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I have a problem with streams and the web api.

I return the stream which is consumed by the web api. Currently, i put the socket into a pool after getting the stream. but this cause some errors.

Now, I must putthe socket into the pool AFTER the request ended. (The stream was consumed and is now closed).

Is there a delegate for this or some other best practises?

Example code:

public HttpResponseMessage Get(int fileId)
{
HttpResponseMessage response = null;
response = new HttpResponseMessage(HttpStatusCode.OK);

Stream s = GetFile(id);

response.Content = new StreamContent(fileStream);

}

GetFile(int id)
{
FSClient fs = GetFSClient();
Stream s = fs.GetFileStream(id);
AddFSToPool(fs);

return s;
}

GetFile uses a self-programmed FileServer-Client. It has an option to reuse FileServer-Connections. This connections will be stored in a pool. (In the pool are only unused FileServer-connections). If the next request calls GetFSClient() it gets an connected one from the pool (and removes it from the pool).

But if another requests comes in and uses a FileServer-Connection which is in the pool (because unused), there is still the problem, that the Stream is possibly in use.

Now I want to do the "put the FSClint into the pool" after the request ended and the stream is fully consumed.

Is there an entry point for that?

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1 Answer 1

up vote 2 down vote accepted

Stream is seen as a volatile/temporary resource - no wonder it implements IDisposable.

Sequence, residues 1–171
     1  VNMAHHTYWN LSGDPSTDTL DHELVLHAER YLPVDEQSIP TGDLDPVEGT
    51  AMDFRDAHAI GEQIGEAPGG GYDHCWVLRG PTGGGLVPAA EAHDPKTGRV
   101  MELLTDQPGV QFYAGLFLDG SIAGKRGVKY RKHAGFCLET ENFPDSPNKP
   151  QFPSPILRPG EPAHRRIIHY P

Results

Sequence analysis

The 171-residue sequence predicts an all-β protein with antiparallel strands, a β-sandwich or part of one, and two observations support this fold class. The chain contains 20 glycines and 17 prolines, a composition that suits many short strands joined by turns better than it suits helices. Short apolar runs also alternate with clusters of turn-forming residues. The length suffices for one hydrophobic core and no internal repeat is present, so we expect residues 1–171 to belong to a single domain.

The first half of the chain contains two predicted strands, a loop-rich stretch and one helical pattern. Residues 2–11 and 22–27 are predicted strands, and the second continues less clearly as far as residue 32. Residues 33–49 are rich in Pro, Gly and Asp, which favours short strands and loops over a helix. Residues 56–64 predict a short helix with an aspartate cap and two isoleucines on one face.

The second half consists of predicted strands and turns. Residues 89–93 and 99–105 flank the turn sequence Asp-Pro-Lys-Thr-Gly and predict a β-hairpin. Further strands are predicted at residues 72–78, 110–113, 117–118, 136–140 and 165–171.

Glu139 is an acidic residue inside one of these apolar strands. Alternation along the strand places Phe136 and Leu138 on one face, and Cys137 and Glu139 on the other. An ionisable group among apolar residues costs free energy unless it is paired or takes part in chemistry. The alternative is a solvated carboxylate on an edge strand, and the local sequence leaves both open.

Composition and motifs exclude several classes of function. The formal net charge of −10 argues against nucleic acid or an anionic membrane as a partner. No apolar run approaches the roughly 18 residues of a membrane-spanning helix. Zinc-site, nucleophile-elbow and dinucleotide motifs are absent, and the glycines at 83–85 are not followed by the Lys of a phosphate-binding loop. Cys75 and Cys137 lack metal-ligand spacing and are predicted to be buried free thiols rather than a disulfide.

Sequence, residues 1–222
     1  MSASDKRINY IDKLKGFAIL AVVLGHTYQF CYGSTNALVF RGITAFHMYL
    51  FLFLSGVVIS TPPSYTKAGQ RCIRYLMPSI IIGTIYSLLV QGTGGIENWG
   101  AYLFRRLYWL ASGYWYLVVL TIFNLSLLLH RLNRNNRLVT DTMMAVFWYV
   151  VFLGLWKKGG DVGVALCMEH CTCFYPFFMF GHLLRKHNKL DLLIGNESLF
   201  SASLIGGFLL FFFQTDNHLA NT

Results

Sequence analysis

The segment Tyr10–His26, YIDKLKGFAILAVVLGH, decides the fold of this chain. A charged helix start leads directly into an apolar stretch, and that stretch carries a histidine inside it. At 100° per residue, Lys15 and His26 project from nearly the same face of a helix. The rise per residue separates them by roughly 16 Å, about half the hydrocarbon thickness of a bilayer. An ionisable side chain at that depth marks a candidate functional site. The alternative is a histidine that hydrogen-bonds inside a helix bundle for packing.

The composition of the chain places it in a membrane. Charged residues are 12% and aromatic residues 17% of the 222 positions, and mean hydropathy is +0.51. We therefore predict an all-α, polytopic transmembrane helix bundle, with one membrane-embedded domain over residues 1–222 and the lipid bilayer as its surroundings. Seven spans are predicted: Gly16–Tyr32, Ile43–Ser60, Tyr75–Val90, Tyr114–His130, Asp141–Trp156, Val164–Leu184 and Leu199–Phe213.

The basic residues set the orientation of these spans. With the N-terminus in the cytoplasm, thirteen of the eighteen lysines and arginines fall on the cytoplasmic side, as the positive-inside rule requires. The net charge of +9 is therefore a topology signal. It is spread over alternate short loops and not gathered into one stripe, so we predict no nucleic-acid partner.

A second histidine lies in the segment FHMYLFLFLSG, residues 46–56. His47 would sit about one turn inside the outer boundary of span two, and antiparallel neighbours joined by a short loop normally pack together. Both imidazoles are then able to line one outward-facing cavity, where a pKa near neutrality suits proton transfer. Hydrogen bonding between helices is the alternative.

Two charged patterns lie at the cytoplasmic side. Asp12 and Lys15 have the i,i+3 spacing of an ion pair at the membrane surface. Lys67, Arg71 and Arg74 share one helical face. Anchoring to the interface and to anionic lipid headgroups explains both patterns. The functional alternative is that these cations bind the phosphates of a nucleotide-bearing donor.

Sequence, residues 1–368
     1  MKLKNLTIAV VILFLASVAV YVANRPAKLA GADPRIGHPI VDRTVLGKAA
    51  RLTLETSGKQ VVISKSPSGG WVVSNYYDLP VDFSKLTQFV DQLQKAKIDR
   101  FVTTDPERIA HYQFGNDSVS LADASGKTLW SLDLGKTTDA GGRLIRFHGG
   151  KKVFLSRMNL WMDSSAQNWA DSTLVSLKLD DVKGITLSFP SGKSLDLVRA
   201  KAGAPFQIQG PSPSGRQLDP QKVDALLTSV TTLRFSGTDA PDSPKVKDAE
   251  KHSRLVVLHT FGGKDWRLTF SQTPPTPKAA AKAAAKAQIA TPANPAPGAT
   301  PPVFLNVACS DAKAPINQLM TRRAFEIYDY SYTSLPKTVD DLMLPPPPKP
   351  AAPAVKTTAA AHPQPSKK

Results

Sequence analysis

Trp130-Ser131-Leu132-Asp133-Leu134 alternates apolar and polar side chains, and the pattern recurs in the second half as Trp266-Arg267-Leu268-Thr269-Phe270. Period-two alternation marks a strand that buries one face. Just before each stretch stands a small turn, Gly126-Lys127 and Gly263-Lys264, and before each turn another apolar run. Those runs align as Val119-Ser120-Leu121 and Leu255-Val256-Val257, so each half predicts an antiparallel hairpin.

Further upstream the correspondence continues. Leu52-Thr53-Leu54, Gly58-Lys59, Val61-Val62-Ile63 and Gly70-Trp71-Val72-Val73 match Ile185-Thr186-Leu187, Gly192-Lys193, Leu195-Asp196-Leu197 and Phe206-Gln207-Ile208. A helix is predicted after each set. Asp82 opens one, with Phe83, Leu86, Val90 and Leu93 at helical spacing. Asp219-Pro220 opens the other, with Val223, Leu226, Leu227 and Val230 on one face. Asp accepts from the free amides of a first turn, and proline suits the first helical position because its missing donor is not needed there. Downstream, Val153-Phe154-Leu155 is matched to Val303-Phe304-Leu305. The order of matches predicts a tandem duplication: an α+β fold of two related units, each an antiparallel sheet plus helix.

Also Stream is not thread-safe since it has a Position which means if it is read up to the end, it should be reset back to start and if two Threads reading the stream they will most likely read different chunks.

As such, I would not even attempt to solve this problem. Re-using streams on a web site (inherently multi-user / multi-threaded) not recommended.


UPDATE

As I said, still think that the best option is to re-think the solution but if you need to register something that runs after request finishes, use RegisterForDispose on request:

public HttpResponseMessage Get(HttpRequestMessage req, int fileId)
{
   ....
   req.RegisterForDispose(myStream);
}
share|improve this answer
    
I do not want to reuse the stream. I want to reuse the connection to another computer. I hold the sockets in a dictionary using the "lock" keyword. The problem was that the socket is again in the pool (because unused) but the stream is still not closed and in use. I now handle this better. but it would be interesting if there is an point to do something before the response gets out. –  user437899 Jan 28 '13 at 13:23
    
@user437899 see my update. –  Aliostad Jan 28 '13 at 15:39
    
Thank you for your effort. This is interesting for disposing ressources. But I do not have this problem anymore. I meant "do something". Like add an event-handler and my own method will be executed before the response goes out. But thank you for the "RegisterForDispose". Maybe this is usefull for another scenario. –  user437899 Jan 29 '13 at 11:00

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